In honor of Samuel Kotz, an international collection of articles on the latest advances in statistics.<br> <br> This tribute to Samuel Kotz features articles by eminent statisticians from around the world, all recognizing the lifetime of accomplishments of one of the premier statisticians of our time. Centered on distributions, models, and their applications, this book highlights some recent developments in both theory and applications of statistics.<br> <br> Editors Norman L. Johnson and N. Balakrishnan, both of whom have collaborated extensively with Samuel Kotz, have gathered contributions from theoreticians and practitioners in 18 countries, giving the volume a global perspective. Each article is classified into one of 10 areas in the theory and practice of statistics. The areas highlighted in this volume are:<br> * Statistics in the world.<br> * Models.<br> * Biostatistics.<br> * Testing and estimation.<br> * Univariate distributions.<br> * Multivariate distributions.<br> * Characterizations.<br> * Probability.<br> * Bayes theory.<br> * Descriptive statistics.<br> <br> Many of the articles in the volume highlight Samuel Kotz's pioneering and fundamental contributions to these areas. Commemorative articles by those who knew and worked with Samuel Kotz, as well as the detailed exploration of classical and new directions in statistical research, make this volume an essential addition to any statistics library.
A comprehensive bibliography dealing specifically with African slave trade. This volume has been sub-classified for easier consultation and the compiler has provided, where possible, descriptions and comments on the works listed.
This book is about the Diagnostic and Statistical Manual of Mental Disorders, more commonly known as the D.S.M. The D.S.M. is published by the American Psychiatric Association and aims to list and describe all mental disorders. The D.S.M. is embedded in mental health care at every turn. In the U.S., hospital records note a D.S.M. diagnosis and medical insurance companies demand D.S.M. codes before they will consider reimbursing for the cost of care. Worldwide, research papers are couched in D.S.M. terminology and pharmaceutical companies list the D.S.M. diagnoses that their drugs treat. Mental health professionals, and their patients, can not avoid being affected by the D.S.M.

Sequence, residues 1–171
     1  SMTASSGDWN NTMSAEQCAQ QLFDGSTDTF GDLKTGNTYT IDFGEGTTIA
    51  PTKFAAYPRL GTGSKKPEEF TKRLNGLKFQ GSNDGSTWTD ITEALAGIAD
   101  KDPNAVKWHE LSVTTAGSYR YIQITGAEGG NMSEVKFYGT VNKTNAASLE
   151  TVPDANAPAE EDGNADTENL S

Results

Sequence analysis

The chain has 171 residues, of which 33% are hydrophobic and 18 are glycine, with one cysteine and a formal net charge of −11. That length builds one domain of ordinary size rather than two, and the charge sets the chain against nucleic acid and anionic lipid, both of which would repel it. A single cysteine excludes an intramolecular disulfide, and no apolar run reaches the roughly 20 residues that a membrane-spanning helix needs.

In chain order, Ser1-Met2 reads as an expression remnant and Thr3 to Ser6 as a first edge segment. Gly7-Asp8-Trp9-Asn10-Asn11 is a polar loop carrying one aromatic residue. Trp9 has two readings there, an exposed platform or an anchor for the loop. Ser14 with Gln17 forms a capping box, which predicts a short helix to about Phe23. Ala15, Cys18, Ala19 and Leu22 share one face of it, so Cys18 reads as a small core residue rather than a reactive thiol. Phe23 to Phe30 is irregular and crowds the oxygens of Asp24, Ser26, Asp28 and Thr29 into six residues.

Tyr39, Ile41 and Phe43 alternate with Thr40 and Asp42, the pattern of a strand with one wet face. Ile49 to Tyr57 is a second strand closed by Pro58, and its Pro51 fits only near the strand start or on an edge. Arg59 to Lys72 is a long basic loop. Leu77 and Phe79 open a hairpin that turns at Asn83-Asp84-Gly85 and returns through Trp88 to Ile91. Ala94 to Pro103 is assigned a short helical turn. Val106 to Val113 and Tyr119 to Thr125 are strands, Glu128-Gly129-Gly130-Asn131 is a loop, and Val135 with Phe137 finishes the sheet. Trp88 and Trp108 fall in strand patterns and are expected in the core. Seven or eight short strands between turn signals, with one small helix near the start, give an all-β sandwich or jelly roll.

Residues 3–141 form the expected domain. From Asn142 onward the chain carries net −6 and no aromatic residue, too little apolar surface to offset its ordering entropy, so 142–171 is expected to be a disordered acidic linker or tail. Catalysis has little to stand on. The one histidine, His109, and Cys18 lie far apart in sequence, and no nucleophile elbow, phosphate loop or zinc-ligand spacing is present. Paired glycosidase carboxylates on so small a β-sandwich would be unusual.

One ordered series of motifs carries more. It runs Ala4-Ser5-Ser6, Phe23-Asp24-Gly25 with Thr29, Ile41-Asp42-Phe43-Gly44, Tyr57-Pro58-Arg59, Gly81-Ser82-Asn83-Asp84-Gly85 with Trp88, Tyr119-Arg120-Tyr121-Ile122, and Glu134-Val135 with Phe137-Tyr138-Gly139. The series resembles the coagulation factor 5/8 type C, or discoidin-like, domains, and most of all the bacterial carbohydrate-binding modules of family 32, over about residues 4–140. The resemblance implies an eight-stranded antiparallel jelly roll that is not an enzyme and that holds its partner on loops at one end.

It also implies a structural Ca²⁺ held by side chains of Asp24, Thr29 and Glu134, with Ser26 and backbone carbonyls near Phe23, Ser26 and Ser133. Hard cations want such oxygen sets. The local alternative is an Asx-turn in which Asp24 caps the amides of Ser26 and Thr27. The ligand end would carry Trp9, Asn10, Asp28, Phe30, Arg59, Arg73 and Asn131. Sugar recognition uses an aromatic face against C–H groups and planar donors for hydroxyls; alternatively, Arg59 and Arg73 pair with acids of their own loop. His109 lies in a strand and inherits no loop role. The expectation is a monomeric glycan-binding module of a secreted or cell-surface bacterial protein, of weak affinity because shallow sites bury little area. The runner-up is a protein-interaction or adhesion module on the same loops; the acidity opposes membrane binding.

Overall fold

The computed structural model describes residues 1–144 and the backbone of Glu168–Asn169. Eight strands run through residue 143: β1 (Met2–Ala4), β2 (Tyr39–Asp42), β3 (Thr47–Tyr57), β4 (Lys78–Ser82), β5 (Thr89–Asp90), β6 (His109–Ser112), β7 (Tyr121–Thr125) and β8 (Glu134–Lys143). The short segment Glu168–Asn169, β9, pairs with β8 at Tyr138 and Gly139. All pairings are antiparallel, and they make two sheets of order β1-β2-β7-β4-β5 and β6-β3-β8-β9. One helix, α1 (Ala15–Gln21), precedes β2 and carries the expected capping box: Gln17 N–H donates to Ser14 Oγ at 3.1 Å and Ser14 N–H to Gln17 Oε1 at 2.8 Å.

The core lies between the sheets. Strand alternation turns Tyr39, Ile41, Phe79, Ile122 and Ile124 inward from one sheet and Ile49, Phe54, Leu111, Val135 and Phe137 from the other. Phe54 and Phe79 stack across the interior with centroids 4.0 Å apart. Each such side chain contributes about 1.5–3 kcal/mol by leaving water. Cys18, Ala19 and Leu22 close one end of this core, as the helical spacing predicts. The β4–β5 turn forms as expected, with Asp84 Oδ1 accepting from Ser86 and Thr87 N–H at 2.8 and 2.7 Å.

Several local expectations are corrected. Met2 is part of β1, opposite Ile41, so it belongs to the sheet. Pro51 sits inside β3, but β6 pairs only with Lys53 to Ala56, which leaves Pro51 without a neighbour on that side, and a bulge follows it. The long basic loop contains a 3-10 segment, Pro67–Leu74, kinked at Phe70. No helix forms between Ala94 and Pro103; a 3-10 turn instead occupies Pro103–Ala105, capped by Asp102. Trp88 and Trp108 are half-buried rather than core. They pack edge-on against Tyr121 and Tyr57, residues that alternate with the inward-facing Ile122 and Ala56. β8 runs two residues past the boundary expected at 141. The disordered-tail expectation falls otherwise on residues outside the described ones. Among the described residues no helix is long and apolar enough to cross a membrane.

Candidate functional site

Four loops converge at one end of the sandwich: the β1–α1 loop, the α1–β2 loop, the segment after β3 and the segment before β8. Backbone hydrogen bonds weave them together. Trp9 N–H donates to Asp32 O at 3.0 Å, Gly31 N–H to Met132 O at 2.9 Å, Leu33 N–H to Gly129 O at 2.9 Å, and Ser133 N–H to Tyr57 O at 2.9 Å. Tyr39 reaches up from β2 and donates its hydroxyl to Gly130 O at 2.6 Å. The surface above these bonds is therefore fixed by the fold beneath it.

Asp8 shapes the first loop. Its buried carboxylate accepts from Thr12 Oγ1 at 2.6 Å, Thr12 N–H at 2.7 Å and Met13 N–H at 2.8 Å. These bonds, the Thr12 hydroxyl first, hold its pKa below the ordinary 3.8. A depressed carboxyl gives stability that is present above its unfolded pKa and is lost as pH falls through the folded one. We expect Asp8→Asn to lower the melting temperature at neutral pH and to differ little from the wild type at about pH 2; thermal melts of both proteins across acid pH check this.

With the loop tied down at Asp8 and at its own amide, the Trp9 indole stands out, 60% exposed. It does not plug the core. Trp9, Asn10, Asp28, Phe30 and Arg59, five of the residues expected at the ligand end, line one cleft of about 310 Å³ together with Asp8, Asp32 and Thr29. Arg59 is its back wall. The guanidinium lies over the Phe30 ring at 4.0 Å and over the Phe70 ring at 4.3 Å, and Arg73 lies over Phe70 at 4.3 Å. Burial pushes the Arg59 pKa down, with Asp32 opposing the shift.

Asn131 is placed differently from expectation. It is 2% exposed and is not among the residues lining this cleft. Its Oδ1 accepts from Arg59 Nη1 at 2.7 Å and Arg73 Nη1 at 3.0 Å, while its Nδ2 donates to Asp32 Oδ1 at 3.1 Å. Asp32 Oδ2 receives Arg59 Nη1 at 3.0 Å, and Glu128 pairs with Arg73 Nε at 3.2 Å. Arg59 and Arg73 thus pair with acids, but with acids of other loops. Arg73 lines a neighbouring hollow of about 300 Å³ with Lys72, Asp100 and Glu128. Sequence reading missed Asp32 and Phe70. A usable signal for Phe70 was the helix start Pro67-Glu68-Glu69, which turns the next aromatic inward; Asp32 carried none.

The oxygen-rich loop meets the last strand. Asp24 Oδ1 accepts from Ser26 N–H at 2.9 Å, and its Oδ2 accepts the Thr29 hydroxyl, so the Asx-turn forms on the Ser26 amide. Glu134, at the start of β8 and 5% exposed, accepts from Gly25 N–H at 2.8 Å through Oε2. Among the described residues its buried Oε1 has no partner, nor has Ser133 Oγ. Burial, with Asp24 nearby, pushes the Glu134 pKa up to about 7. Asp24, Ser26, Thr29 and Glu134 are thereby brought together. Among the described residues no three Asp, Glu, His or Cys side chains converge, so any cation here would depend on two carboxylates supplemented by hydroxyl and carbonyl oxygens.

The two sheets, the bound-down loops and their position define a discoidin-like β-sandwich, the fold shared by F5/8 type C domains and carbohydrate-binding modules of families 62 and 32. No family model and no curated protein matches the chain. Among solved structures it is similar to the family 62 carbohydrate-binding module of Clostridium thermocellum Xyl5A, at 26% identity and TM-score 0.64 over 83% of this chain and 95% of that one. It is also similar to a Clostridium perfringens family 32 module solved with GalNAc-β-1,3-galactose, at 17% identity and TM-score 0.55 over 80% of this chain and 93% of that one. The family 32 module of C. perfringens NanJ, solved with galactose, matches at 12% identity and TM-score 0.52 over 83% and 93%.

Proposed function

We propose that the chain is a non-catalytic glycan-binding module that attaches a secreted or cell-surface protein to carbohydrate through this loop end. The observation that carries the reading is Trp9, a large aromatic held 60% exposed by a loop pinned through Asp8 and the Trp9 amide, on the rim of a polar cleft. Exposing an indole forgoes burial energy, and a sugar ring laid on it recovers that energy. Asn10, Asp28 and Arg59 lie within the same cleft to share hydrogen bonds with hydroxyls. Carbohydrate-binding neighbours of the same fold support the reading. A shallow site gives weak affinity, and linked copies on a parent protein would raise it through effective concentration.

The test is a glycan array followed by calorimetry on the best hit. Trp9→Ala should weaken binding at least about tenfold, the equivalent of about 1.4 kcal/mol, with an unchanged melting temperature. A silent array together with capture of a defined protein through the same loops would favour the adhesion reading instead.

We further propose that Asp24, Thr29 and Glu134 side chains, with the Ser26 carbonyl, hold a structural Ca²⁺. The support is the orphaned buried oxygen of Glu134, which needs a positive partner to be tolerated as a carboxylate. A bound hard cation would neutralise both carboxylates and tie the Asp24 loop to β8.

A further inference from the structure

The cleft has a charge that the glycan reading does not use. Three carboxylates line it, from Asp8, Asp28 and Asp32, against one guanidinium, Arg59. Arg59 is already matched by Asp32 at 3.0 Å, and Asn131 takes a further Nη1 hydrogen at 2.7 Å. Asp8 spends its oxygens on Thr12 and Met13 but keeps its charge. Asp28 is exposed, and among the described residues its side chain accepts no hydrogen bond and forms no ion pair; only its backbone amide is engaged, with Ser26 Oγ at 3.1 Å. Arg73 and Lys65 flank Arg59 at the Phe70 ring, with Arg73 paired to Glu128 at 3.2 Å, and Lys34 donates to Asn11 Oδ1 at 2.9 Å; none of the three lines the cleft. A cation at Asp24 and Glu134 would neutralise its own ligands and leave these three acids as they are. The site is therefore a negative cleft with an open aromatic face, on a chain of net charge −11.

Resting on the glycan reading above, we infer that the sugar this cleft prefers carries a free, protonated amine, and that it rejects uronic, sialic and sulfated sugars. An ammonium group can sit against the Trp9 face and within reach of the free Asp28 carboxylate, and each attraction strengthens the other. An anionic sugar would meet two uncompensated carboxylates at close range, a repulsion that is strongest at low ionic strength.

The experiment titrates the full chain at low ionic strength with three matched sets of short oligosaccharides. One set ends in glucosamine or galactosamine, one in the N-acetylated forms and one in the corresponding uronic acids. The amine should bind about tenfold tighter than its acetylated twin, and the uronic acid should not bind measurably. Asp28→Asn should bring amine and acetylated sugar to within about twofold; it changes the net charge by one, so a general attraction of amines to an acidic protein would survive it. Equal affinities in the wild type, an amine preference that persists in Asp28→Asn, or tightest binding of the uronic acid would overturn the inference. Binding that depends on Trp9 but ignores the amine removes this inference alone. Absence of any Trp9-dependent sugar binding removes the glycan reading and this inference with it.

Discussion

The D.S.M. is important, but it is also controversial. While its publishers claim that the D.S.M. is a scientific classification system based on sound data, many have doubts. Big business has interests in the D.S.M. Perhaps the D.S.M. has been distorted by pressures stemming from insurance companies, or from pharmaceutical companies? Others are concerned that whether a condition is classified as a mental disorder depends too greatly on social and political factors. More conceptual worries are also frequent. If classification requires a theory, and if mental disorders are poorly understood, then a sound classification system may be presently unobtainable. Possibly even attempting to construct a classification system that "cuts nature at the joints" is conceptually naâ€¹ve. Maybe types of mental disorder are radically unlike, say, chemical elements, and simply fail to have a natural structure.
Classifying Madness offers a sustained philosophical critique of the D.S.M. that addresses these concerns. The first half of the book asks whether the project of constructing a classification of mental disorders that reflects natural distinctions makes sense. I conclude that it does. The second half of the book addresses epistemic worries. Even supposing a natural classification system to be possible in principle, there may be reasons to be suspicious of the categories included in the D.S.M. I examine the extent to which the D.S.M. depends on psychiatric theory, and look at how it has been shaped by social and financial factors. I aim to be critical of the D.S.M. without being antagonistic towards it. Ultimately, however, I am forced to conclude that although the D.S.M. is of immense practical importance, it is not on track to become the best possible classification of mental disorders.
Classifying Madness will be of interest to both mental health professionals and to philosophers interested in classification in science. The possibility that there may be philosophical difficulties with the D.S.M. has become a commonplace in the mental health literature, and Classifying Madness offers mental health professionals an opportunity to explore suspicions that there might be conceptual problems with the D.S.M. For philosophers, this book aims to contribute to debates in the philosophy of science concerning natural kinds, the theory-ladenness of classification, and the effect of sociological factors in science. These issues are normally approached via a consideration of the natural sciences and, as will be seen, approaching them via a consideration of psychiatry helps shed new light on old problems.
Sydney Classifieds Articles
Sydney Classifieds Books